Jeremiah was a reluctant prophet, whose first prophecy came when he was still young, but God said that He would put the words in Jeremiah’s mouth. Jeremiah was also aided by the scribe Baruch ben Neriah, who recorded his prophecies.
Jeremiah raged at the Judeans' unfaithfulness to God, comparing them to an adulterous wife. He criticized the people for their inappropriate confidence in Temple sacrifices without making the necessary changes in their lives. (“Will you steal, murder, commit adultery, swear falsely, worship Baal ... and stand before Me in this house, whereupon My name is called, and say: ‘We are delivered?’” 7:9-10)
As Babylon grew strong, Jeremiah tried to warn the people that Nebuchadnezzar was the tool of God’s vengeance and that calamity could be averted if Judah pledged its loyalty to Babylon.
King Jehoiakim fell to Babylon, as Jeremiah predicted. When Nebuchadnezzar’s handpicked ruler, Zedekiah, decided to rebel, Jeremiah openly stated that God was with the Babylonians. Jeremiah was arrested for “treason” and remained imprisoned for a portion of the final years before the Temple fell.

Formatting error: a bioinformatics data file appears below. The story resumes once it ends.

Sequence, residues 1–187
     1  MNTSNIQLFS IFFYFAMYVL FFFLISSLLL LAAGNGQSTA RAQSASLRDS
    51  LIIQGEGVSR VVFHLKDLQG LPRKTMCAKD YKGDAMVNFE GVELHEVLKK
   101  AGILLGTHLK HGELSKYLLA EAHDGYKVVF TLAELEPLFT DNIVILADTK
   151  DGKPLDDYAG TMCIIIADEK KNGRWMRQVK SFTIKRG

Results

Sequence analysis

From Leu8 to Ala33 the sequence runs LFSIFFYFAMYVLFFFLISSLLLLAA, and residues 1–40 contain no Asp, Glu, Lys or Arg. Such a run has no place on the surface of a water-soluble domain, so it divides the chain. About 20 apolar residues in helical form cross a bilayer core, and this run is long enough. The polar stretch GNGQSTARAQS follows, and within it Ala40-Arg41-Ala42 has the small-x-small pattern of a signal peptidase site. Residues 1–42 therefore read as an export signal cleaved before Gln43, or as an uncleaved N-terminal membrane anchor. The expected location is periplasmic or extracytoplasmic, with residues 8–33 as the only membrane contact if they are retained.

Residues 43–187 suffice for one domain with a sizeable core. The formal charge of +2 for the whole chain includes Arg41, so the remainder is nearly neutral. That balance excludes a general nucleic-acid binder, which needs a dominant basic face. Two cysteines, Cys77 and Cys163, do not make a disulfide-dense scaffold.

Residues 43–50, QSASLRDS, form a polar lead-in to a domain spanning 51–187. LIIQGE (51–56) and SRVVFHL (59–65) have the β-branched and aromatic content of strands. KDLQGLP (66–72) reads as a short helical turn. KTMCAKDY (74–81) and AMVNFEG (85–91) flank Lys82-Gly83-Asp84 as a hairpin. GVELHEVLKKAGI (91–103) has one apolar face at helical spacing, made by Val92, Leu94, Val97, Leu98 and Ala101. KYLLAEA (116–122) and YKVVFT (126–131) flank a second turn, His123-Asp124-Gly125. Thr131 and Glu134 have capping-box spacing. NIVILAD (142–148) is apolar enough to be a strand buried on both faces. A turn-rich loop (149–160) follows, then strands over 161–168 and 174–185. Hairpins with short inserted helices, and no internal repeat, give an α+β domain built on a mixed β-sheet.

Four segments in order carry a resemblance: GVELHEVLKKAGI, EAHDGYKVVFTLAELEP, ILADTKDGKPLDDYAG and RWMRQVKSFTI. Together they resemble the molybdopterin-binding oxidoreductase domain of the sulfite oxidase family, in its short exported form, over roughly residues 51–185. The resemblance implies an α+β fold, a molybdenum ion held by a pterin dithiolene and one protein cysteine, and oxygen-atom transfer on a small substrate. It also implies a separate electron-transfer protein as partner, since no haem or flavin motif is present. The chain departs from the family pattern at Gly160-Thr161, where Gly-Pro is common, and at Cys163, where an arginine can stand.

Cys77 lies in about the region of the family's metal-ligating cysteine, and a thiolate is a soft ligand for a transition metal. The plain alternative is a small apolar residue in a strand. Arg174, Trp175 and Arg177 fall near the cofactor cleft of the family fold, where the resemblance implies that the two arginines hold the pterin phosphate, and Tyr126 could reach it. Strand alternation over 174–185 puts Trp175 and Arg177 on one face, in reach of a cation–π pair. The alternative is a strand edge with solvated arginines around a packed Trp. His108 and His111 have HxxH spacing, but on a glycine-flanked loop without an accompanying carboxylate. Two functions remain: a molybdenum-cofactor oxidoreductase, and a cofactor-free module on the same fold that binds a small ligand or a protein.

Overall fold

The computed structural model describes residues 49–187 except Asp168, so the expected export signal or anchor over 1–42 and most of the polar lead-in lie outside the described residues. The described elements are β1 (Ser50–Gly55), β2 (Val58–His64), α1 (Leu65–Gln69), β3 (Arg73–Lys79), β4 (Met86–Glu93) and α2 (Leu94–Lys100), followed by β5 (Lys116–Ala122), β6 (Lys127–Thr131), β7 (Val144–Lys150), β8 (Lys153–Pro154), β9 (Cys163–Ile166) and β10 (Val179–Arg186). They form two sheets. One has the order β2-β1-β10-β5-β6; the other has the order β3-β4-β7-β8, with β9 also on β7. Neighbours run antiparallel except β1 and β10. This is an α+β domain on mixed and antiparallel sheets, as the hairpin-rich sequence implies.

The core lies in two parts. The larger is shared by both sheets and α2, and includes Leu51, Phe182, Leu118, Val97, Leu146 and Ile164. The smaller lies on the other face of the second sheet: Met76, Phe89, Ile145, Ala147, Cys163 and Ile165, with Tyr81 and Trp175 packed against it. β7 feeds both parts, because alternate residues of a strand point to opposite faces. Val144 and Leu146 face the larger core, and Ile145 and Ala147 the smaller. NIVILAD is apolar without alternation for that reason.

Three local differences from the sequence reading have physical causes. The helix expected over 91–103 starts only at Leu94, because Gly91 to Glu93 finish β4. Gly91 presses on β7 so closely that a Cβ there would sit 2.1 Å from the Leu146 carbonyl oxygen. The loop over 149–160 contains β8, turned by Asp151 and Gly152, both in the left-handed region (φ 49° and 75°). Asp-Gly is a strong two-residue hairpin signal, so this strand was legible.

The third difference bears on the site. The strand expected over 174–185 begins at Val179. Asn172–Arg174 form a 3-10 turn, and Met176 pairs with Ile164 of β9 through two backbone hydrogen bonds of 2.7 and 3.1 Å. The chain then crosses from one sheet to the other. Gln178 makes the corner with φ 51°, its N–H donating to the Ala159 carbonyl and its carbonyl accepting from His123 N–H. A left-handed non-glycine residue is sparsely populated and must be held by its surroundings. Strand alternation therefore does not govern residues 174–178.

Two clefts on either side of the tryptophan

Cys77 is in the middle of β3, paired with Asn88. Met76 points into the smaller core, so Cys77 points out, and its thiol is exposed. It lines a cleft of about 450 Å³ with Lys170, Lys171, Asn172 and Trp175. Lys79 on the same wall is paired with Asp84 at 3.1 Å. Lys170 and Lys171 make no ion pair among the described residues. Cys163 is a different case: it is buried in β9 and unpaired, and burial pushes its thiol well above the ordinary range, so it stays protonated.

After all of Jeremiah’s pessimistic prophecies came true, the victorious Babylonians granted Jeremiah his freedom. When the new governor, Gedaliah, was murdered, the remaining populace fled, taking Jeremiah with them.
Like Isaiah, Jeremiah also prophesied consolation, telling the exiles that God wished them to live their lives in Babylon. He then predicted how, after 70 years, they would return and rebuild the Holy Temple.
Jeremiah’s life was difficult. He was ostracized, maligned, imprisoned and beaten, but his belief in God and love of the Jewish people did not allow him to give up on his sacred mission.
Rembrandt van Rijn "Jeremiah Lamenting the Destruction of Jerusalem"
This Treat was last posted on October 20, 2010.
Copyright © 2013 NJOP. All rights reserved.